5 Steps to Improve your Relationship with your Teenager


Raising teenagers can be a painful experience - ouch! You want a close relationship with them, but they make it so hard to get close when they display disrespect and disobedience towards you. This "back-and-forth" causes the rift to widen each day in your relationship with your teen. Remember the good ol' days when your teen was little, and he would turn to you for everything? It was so simple to discipline him using rewards and consequences, and even easier to forgive him because he was so cute. But as you child grows into a teenager, he seems to want to do the exact opposite of what you say, he argues about everything and cares more about reaching out to his friends, playing a video game or being on his phone. If you even try to probe into his life, you’re often met with disdain and disinterest and receive responses such as, "nothing" or "I don't know."

So how do you get through to teenagers without making them feel as if you're stepping on their toes? The biggest parenting tips for raising teens is to use tons of love and time on them. How? Read 5 steps to improve your relationship with your teen:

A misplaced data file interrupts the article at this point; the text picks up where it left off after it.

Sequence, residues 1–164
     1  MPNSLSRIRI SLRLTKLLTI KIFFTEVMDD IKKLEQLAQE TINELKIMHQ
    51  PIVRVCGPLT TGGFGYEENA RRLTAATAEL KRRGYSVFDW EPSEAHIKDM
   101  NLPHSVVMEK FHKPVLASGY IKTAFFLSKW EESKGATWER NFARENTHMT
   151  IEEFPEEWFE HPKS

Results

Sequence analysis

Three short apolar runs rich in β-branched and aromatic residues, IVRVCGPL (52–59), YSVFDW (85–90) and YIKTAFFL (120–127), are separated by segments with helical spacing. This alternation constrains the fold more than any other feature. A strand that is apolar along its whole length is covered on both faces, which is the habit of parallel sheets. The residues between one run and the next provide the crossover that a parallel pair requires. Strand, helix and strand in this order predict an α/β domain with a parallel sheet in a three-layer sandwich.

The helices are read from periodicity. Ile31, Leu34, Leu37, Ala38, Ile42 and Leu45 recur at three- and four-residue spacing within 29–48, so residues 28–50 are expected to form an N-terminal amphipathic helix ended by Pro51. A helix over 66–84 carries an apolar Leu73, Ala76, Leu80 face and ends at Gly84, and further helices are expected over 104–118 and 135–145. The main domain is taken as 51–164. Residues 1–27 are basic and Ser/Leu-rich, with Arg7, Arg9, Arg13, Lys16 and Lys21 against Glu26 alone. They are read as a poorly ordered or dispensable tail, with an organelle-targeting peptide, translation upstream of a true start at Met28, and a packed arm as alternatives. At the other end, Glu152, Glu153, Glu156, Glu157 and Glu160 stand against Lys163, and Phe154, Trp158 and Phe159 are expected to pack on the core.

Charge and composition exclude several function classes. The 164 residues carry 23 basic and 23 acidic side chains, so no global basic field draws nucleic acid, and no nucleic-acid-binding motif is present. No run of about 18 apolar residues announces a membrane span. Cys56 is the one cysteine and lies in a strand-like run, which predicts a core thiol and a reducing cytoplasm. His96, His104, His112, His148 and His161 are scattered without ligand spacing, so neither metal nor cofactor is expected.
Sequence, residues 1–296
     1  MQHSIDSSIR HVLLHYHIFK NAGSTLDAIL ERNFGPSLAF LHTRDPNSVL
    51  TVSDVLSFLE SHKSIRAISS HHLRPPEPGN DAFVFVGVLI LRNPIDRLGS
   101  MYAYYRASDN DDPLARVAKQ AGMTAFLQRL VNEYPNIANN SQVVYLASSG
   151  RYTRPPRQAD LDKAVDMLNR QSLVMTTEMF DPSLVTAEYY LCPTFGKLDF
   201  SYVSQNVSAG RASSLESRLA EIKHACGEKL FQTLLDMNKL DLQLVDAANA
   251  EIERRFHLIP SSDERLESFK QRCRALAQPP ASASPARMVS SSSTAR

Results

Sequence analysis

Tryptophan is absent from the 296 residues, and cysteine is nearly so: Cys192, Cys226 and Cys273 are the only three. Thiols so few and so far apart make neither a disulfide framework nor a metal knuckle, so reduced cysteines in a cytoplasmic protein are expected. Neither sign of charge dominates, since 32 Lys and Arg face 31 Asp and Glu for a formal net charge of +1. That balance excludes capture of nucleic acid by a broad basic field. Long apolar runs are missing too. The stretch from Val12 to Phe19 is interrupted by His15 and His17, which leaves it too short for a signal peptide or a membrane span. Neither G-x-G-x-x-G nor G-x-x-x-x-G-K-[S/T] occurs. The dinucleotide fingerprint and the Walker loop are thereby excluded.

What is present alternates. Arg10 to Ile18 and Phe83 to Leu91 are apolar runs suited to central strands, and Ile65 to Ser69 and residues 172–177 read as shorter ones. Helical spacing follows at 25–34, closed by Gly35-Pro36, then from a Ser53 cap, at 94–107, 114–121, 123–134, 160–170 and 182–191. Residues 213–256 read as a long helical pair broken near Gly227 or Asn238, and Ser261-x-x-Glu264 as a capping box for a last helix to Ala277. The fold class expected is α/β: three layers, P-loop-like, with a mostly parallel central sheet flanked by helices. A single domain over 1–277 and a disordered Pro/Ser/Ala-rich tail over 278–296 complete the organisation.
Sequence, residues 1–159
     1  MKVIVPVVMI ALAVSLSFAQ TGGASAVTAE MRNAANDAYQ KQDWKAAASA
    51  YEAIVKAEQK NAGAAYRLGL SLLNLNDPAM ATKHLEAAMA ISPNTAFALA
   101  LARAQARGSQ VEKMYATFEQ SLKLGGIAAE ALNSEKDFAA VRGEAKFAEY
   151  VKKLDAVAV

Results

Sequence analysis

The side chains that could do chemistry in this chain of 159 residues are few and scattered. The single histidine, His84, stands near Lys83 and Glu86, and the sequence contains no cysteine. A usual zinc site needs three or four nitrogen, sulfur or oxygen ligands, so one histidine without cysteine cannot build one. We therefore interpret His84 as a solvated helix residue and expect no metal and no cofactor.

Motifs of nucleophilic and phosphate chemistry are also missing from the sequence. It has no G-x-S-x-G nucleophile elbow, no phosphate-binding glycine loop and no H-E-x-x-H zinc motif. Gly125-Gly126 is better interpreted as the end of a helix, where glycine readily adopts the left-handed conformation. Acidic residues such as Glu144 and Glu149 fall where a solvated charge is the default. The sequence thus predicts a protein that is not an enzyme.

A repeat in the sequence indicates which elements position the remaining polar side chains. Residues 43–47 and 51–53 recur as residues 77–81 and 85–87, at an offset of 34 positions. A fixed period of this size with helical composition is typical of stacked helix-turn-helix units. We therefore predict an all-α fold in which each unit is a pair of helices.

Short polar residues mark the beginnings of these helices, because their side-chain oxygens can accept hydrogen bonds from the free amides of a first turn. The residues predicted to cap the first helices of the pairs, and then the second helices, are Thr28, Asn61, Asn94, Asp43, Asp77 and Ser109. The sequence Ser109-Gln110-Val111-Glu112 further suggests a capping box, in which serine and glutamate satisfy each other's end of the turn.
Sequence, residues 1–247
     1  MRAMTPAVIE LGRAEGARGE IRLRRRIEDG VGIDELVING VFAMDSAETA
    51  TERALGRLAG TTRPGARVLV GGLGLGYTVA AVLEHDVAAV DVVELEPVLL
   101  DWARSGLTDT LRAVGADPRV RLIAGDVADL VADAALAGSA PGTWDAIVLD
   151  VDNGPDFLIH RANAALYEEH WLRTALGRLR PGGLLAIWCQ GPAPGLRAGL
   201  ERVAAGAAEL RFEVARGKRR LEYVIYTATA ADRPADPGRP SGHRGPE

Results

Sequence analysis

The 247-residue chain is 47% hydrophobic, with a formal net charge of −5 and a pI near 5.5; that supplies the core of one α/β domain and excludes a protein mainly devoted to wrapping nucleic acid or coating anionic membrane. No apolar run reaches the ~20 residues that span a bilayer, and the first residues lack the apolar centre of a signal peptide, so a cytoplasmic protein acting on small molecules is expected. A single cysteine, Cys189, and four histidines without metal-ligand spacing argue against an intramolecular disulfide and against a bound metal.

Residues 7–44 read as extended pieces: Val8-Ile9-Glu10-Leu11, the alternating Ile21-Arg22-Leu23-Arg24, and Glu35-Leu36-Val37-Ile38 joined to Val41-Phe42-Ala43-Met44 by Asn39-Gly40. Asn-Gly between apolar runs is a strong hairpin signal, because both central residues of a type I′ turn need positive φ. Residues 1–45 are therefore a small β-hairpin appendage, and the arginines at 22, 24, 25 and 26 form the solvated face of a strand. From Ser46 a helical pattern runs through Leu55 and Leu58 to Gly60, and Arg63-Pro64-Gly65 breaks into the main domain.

1. Show Your Teen Love

Show your teenager how much you love him through your actions. Giving him hugs, tousling his hair, and smiling at him is often an excellent way to start. I know it's hard at times when all you want to do is grab him by the shirt and shake some sense into him, but remembering that this is an awkward phase in both your lives and it will soon pass, will give you that extra dose of patience.

It is important to discover what gets through to your teen so you can use that. Some ideas would include, showing him affection often, giving him a thoughtful gift sometimes, making his favorite meal or dessert and saying you did it especially for him, or simply expressing encouragement and praise for the things he does.

2. Give Your Teen Time

A teenager also recognizes love as the time you spend with her and the family as a whole. It may seem that taking part in family activities is not what she wants to do, but that time spent together will help keep her connected to you and rest of the household. She needs this family time to thrive but doesn't know it herself.